We often see the most creative and effective methods of behaviour management coming from those dealing with exotics and wild animals. (Perhaps because you can't put a choke chain on a parrot or a shock collar on a dolphin, and "whip taps" simply aren't effective on a rhino?)
Earlier this year a group of kea (a highly intelligent and notoriously cheeky New Zealand alpine parrot) began entertaining themselves playing with road cones in Milford Sound. They were shifting them around and tipping them over and generally causing havoc in the one-way tunnel where roadworks were underway. The delightful and very sensible response by the authorities was to give the kea their own roadside playground in a bid to encourage them to invest their time in less disruptive hobbies. The kea gym was regularly updated with new toys and treats to keep them interested.
On my way to a clinic recently, I passed two cyclists complete with packed panniers, travelling along rural State Highway 2 (a narrow and dangerous 100km/h road). My attention was drawn by the bright yellow pool noodles they had strapped to the back of their bicycle seats, extending a metre or so out into the road towards the cars.
This is the first time I've ever seen this, and it really struck me as it is such an innovative example of influencing behaviour. (Apparently this is a thing - I found this photo by googling "pool noodle cyclist").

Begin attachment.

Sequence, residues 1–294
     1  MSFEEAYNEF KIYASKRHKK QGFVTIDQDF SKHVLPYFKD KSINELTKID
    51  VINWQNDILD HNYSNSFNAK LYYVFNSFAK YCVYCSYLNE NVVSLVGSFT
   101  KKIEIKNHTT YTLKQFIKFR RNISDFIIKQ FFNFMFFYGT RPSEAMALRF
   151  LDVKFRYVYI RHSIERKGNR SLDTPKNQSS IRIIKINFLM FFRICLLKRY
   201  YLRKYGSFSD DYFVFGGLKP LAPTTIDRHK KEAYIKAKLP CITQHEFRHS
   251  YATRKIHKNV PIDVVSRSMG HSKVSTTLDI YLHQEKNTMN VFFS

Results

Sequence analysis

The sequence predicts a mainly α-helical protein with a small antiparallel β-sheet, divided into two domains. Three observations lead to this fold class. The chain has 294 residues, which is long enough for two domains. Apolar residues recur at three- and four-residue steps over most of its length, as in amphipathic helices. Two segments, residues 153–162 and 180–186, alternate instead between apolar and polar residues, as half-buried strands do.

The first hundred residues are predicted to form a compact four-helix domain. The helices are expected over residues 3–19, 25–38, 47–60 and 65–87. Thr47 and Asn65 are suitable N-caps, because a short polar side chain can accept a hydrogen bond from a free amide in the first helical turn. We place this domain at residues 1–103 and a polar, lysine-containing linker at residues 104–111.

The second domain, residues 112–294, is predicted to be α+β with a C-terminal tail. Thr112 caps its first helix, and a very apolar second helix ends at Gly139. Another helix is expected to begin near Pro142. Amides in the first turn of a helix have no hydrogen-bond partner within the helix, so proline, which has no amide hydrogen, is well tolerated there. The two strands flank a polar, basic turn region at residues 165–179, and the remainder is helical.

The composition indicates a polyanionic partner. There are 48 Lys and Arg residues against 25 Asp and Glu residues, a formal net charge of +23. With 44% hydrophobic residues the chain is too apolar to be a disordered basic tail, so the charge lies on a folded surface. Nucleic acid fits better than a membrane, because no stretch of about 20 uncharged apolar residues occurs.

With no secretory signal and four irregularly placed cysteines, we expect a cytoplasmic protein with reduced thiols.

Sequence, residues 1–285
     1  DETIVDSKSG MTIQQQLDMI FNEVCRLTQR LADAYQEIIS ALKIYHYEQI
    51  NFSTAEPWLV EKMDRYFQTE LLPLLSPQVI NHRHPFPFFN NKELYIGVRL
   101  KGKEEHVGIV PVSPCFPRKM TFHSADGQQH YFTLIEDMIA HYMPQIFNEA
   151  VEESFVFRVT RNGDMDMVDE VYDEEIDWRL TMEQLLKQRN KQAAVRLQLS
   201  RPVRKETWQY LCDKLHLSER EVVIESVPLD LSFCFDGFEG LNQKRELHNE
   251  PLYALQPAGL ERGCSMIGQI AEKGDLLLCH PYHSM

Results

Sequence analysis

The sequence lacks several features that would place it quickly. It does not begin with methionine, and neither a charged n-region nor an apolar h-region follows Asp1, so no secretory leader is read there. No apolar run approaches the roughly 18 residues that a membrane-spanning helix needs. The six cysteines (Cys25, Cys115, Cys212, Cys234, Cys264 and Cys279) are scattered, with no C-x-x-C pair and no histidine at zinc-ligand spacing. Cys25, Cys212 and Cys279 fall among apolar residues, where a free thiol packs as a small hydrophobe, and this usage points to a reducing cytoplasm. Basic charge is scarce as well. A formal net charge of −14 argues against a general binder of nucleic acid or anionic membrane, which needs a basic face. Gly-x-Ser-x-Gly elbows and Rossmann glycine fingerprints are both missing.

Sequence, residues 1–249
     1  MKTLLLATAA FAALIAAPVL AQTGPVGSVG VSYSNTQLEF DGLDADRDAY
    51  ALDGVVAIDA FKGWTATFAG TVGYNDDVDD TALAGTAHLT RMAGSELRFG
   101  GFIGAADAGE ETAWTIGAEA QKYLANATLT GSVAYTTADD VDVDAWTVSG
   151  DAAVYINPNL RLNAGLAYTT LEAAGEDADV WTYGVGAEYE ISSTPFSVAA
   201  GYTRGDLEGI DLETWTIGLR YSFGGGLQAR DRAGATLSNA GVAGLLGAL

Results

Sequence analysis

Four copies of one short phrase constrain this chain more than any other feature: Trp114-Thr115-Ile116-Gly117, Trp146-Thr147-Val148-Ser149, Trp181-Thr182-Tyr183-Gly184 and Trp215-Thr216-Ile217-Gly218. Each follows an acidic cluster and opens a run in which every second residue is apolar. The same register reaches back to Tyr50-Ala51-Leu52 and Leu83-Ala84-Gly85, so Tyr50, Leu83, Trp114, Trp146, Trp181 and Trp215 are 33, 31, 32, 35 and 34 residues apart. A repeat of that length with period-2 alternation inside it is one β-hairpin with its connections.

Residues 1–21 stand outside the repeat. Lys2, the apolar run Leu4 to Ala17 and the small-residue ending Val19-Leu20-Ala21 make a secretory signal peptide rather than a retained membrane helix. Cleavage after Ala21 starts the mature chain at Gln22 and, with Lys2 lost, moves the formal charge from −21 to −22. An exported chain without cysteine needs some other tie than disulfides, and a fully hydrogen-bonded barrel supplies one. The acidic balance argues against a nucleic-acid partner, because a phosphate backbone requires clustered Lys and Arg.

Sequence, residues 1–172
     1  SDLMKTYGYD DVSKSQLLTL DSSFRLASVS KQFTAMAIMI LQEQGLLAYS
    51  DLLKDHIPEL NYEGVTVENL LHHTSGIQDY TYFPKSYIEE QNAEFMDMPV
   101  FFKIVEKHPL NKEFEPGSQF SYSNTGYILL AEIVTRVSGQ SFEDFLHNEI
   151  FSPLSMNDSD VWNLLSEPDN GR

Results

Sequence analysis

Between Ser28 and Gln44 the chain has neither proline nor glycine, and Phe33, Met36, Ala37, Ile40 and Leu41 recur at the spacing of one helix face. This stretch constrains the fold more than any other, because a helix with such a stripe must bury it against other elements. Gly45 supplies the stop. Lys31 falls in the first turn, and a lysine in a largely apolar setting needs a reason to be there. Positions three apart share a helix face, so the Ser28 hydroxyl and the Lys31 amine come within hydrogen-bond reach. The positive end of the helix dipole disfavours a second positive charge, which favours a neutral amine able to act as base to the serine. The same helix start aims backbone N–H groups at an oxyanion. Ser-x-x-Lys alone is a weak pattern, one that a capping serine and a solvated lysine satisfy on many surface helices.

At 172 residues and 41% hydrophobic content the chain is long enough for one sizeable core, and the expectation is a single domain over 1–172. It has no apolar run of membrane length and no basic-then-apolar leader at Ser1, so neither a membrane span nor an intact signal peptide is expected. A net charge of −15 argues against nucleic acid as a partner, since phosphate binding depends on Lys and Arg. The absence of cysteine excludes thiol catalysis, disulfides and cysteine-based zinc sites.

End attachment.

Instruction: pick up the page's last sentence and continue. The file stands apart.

I just LOVE these sorts of elegant management solutions to problems! These people were taking personal responsibility for their own safety, and had found a simple and quick way to effectively prevent unwanted behaviour by the vehicle drivers (that of driving too close). The kea playground shows a pragmatic acceptance of the playful nature of these birds and a tidy redirection of that play drive onto something more appropriate than the roadworks.
"Prevention is one of the greatest tools in force-free training. When something goes wrong, don’t ask yourself how can you punish your animal. Ask yourself “How can I prevent this in the future?”
A very common question I get from dog owners is "how do I stop my dog from getting into the rubbish bin?". The obvious answer (obvious to the trainer, at least!) is "... put the bin somewhere the dog can't get to it?". It doesn't matter how good a trainer you are, or how much time you have to devote to that one animal, you can't train ALL. The. Things.
Yes, it's possible to train an animal to do just about anything it is physically capable of doing. However we all have limited hours in our days, and we can't train every single thing to the nth degree. We also want to set our animals up for success, and prevent them from practising the behaviour we don't want. Therefore management and prevention is a critical tool. In the dog example, this might mean removing the object of interest or using baby gates or crates to limit your dog's options around the house. With a new horse it might mean putting him in a yard or behind a gate when doing initial training, so that he doesn't get to practice any mugging behaviour. (And then of course, in all cases, we reinforce alternative, more appropriate behaviours, because no animal can exist in a vacuum, right? If we want to eliminate a behaviour we need to fill the space with something else).